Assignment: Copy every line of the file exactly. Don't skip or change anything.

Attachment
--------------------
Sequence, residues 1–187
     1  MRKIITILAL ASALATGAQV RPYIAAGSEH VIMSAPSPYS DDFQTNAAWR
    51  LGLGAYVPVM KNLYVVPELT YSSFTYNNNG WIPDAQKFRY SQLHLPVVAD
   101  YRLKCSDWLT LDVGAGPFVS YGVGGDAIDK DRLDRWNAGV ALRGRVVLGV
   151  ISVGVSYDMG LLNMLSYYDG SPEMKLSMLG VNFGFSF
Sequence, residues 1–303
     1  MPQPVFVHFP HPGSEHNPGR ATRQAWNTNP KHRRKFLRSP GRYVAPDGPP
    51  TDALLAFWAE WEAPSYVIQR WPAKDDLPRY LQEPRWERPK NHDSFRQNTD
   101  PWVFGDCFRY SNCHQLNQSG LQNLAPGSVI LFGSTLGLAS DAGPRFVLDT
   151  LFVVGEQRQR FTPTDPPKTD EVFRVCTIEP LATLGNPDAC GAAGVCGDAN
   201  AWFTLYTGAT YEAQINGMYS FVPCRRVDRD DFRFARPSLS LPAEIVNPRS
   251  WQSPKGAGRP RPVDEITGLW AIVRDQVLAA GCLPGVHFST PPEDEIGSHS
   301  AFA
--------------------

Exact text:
Sequence, residues 1–187
     1  MRKIITILAL ASALATGAQV RPYIAAGSEH VIMSAPSPYS DDFQTNAAWR
    51  LGLGAYVPVM KNLYVVPELT YSSFTYNNNG WIPDAQKFRY SQLHLPVVAD
   101  YRLKCSDWLT LDVGAGPFVS YGVGGDAIDK DRLDRWNAGV ALRGRVVLGV
   151  ISVGVSYDMG LLNMLSYYDG SPEMKLSMLG VNFGFSF
Sequence, residues 1–303
     1  MPQPVFVHFP HPGSEHNPGR ATRQAWNTNP KHRRKFLRSP GRYVAPDGPP
    51  TDALLAFWAE WEAPSYVIQR WPAKDDLPRY LQEPRWERPK NHDSFRQNTD
   101  PWVFGDCFRY SNCHQLNQSG LQNLAPGSVI LFGSTLGLAS DAGPRFVLDT
   151  LFVVGEQRQR FTPTDPPKTD EVFRVCTIEP LATLGNPDAC GAAGVCGDAN
   201  AWFTLYTGAT YEAQINGMYS FVPCRRVDRD DFRFARPSLS LPAEIVNPRS
   251  WQSPKGAGRP RPVDEITGLW AIVRDQVLAA GCLPGVHFST PPEDEIGSHS
   301  AFA